In general, all of this works fine (except the iPhone). I probably could ride with everything as is and make it the whole way. But, of course, the point is to make it the whole way with the least number of mechanical issues possible in as fast as I can complete it.
Upgrades to Consider
The number one, or maybe just the most expensive, upgrade is wheels. Interestingly enough, the Stans Valor 650b wheels weigh only 83 gm more than the ENVE G23. Yeah, no $hit. However, they only take 47mm tires which are heavy and the spare tubes are heavy. The same tires in 38 mm are 240 gm less. Changing to the Tubolito tubes from standard tubes saves another 200 gm for two tubes. Right there, that’s almost a pound. Additionally, another set of wheels gives me a lot of options for commuting and road conditions.
The next change is to convert the big chainring from a 50 to a 46. According to the Google machine, this conversion is possible with some special chainring bolts (note from JOM: For Ultegra 6800 series crank, the crank caps / bolts are linked here – For Ultegra 8000 series crank, follow this link. Both options work with 34T chainrings). This will be checked with the LBS before any parts are ordered. This also saves some weight, but I think having a tighter range of gears will be beneficial.
I have a pair of Arundel carbon bottle cages on my TT bike. Those will make the trip to Kanza instead of the aluminum ones. Not only are they lighter, but they do a great job holding bottles in the roughest conditions. Why do I not have these on all my bikes, you ask? Well, they do cost $75 each, so for now, one pair is enough. I am not sure if I will leave the cage beneath the down tube – maybe for extra water if it’s super hot or to store extra gear if someone convinces me that that’s a better place to store gear than a saddle bag or in the Camelbak.
I am still searching for the best saddle. If you have a recommendation that is out of the ordinary, please feel free to suggest it. If it has the name Specialized, Bontrager, ISM, Selle Italia, Terry, or Brooks, don’t bother, I’ve probably tried it. I need something super cushy for my sit bones, but a huge cut out for my lady parts … with a super narrow nose because my hips are narrow and my legs are close together. The Terry works okay in that it’s cushy enough and has a narrow nose (cutout leaves much to be desired), but it’s also pretty heavy. This, however, is one place where I don’t mind the weight if it’s comfortable enough. DK200 is a long way.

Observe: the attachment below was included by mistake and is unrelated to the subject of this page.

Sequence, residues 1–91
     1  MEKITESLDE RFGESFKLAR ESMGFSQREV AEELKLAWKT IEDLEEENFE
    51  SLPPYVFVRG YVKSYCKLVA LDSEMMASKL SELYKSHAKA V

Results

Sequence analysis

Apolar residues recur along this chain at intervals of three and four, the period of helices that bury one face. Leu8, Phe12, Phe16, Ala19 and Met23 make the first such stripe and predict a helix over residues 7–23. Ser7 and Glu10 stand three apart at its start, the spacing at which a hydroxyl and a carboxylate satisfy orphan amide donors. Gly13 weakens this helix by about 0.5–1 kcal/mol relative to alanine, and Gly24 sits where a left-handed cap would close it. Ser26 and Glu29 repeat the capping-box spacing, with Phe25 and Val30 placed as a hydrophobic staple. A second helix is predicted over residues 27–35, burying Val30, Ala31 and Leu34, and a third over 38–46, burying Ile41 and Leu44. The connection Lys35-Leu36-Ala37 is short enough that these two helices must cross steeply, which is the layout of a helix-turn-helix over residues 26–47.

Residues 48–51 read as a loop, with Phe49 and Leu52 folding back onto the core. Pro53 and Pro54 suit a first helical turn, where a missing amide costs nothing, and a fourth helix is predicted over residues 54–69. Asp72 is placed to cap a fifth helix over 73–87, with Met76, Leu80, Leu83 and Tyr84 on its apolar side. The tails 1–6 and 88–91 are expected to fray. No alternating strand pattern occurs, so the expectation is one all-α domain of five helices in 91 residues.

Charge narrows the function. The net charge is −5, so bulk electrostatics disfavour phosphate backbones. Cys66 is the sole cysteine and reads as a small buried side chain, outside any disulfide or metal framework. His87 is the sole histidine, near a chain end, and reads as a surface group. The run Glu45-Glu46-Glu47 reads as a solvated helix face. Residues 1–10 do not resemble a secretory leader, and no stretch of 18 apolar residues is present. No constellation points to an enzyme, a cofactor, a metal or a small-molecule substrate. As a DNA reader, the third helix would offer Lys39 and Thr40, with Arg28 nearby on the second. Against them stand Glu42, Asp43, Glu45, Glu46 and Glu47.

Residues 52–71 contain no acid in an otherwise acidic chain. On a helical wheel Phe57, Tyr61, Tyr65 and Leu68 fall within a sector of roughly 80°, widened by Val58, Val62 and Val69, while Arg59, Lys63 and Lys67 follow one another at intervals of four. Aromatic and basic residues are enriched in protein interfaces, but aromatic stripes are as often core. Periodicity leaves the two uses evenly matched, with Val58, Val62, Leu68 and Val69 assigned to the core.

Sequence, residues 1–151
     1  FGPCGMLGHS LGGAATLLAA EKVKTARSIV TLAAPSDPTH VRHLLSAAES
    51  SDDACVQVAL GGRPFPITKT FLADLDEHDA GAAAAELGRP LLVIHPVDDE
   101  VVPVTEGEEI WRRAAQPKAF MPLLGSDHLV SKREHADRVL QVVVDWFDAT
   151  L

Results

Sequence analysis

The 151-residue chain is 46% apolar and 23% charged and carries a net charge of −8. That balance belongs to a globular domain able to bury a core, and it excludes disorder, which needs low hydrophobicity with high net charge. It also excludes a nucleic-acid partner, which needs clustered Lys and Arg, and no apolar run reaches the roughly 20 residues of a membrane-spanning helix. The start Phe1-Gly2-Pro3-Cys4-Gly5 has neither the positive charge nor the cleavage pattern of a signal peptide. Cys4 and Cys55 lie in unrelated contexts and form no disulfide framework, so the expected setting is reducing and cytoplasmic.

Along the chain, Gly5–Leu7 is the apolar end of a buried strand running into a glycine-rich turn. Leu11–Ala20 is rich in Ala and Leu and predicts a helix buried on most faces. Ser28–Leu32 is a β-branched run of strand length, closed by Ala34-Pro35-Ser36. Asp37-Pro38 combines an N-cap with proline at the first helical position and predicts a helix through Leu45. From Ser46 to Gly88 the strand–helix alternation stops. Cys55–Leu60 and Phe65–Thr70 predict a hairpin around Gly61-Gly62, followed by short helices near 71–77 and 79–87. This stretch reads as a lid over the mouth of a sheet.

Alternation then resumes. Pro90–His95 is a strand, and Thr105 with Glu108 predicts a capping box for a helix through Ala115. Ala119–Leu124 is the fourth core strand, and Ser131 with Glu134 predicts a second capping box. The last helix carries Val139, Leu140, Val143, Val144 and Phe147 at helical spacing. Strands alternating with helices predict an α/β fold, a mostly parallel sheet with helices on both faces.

For the most part, I won’t worry too much about clothing. It’s really hot and humid in Florida, so I’m good with the heat. The main purchase here will be shoes. I have wide and cranky feet. Normally, I don’t get hot spots, but the ten-year-old spin shoes ain’t gonna cut it. I have Lake road shoes and love them. The twin BOA system means I can loosen the toe box after my feet start to swell. And of course, they need to be comfortable to walk/run in … not that I am planning on doing that, haha.
The one new tech item I am considering is a power meter. I train on my road and TT bikes with power and, given that I am using TrainerRoad, having power makes it a little easier to follow the workouts. At the same time, I enjoy the idea of riding gravel without worrying about meeting some number. I wear a heart rate monitor, but primarily so I can record the workout stress later. I’m still pondering this one.
Aside from that, I really need to get a new phone. The iPhone 6s is an older phone with known battery problems, but aside from the battery (which has already been replaced once), it just irritates me to spend money on something that functions perfectly well for my purposes. And I’d rather spend that money on wheels…
As to nutrition, that is a topic for another day. Please feel free to give me your best advice on my gear while I still have time to change it… Caroline